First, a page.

Accountability for Targeted Killings of Journalists: Legal and Other Efforts Towards Justice
On November 2, 2013, Ghislaine Dupont and Claude Verlon, journalists for Radio France Internationale, were kidnapped in Kidal, in northern Mali by unidentified armed men. Their bullet-riddled bodies were found about an hour later by a French military patrol that was searching for them. The United Nations General Assembly proclaimed the date of Dupont’s and Verlon’s tragic death as the International Day to End Impunity for Crimes against Journalists. Despite the international attention, no one has been held responsible, and the motives and the circumstances of the killings remain largely unknown to this day.
The tragic story of Ghislaine Dupont and Claude Verlon has become too common. According to the United Nations, since 2006 over a thousand journalist had been killed. Data indicates that local or freelance journalists and more likely to be targeted than international or contracted ones. Whatever the journalist’s status, their killers roam free in the vast majority of cases.
Join us as Columbia Global Freedom of Expression and Columbia Law School’s Human Rights Institute host the “Friends of Ghislaine Dupont and Claude Verlon” Association to learn more about the killing of Ghislaine Dupont and Claude Verlon and discuss efforts to bring justice and accountability in this and other similar cases. The panelists will also share their thoughts on what families and friends can do when legal accountability seems beyond reach.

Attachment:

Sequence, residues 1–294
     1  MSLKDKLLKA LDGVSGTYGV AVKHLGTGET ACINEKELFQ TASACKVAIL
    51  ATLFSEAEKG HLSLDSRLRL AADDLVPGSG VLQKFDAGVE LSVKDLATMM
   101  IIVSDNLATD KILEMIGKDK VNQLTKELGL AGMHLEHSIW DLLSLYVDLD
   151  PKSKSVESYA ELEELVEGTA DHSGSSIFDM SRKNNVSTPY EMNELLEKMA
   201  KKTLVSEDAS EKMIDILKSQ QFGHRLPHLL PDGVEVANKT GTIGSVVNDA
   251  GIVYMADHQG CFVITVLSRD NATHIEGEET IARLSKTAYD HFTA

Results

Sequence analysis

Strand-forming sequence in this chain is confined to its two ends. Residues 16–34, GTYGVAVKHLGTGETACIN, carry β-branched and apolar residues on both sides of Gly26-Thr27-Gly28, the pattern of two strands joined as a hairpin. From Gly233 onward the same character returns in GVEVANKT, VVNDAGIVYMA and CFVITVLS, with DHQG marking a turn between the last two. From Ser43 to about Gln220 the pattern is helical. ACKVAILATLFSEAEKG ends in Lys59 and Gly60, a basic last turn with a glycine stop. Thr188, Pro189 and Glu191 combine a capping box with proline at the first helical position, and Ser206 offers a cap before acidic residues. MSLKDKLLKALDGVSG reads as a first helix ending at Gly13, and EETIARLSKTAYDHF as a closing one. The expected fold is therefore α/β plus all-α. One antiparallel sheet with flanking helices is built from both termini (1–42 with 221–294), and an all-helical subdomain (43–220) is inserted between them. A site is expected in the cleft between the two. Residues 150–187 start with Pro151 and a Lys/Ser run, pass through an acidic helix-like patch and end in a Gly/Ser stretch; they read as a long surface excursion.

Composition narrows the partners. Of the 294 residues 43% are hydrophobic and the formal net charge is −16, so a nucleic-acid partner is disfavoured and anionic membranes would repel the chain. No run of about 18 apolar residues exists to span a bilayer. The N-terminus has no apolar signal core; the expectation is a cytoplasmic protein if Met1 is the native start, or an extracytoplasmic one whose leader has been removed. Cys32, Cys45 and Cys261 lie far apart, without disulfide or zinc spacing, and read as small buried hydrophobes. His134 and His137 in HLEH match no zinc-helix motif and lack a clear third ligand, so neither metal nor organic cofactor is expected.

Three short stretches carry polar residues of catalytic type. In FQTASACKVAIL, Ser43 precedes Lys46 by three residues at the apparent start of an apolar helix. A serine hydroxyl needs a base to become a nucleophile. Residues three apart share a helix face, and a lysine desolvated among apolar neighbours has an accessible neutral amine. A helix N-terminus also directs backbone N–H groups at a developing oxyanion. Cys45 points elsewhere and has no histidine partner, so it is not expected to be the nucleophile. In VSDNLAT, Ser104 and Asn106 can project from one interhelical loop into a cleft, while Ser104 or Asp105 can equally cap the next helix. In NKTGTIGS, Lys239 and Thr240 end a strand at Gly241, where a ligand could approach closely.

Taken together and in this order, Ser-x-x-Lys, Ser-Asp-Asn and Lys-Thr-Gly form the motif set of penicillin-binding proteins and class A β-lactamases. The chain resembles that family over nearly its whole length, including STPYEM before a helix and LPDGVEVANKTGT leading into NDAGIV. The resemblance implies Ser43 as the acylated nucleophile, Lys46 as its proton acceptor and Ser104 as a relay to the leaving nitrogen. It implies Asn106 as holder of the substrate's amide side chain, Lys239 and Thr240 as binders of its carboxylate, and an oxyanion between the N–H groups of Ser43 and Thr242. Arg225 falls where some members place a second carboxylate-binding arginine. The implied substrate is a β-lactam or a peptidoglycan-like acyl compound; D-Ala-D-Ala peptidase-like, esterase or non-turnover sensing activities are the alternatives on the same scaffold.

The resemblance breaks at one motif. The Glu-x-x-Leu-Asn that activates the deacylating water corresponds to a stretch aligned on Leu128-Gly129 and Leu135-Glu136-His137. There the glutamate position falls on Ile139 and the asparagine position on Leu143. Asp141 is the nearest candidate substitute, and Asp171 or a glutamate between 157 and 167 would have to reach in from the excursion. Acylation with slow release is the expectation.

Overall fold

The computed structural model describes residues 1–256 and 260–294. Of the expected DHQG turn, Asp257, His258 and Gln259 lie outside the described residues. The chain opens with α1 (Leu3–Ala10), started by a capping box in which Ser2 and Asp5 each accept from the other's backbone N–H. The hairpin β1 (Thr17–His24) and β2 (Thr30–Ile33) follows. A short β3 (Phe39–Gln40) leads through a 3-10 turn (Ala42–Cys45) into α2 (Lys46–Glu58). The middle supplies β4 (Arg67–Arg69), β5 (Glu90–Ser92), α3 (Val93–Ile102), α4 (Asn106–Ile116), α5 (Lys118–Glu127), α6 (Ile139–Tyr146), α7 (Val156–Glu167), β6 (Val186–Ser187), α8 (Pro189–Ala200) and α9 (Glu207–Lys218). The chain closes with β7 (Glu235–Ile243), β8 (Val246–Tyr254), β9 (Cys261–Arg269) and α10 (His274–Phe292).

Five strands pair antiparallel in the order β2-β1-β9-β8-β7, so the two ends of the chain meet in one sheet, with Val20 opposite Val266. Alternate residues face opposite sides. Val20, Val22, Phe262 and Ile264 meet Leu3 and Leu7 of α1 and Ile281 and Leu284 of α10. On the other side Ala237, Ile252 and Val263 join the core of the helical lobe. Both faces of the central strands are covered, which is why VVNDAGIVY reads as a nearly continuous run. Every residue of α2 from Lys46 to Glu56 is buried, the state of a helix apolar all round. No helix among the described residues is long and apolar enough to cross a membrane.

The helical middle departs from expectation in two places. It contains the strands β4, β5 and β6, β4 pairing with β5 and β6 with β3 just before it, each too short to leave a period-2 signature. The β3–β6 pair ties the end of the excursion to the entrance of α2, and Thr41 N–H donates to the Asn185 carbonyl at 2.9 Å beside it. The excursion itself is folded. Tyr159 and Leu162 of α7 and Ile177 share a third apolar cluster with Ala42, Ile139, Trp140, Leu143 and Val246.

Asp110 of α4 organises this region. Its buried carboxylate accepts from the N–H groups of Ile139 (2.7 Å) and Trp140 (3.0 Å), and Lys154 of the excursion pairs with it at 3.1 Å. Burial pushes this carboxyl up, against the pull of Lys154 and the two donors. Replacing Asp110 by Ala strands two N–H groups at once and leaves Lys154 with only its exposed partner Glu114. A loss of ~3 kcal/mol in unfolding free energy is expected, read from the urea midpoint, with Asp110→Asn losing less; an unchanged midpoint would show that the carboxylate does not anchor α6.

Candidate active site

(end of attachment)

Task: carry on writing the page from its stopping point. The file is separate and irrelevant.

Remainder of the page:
- Agnes Callamard, Director of Columbia Global Freedom of Expression and the United Nations Special Rapporteur on Extrajudicial, Summary or Arbitrary Executions
- Christophe Boisbouvier, Editor in Chief at Radio-France International and friend of Ghislaine Dupont and Claude Verlon
- Philippe Bolopion, Deputy Director for Global Advocacy at Human Rights Watch
Lunch Wll be Provided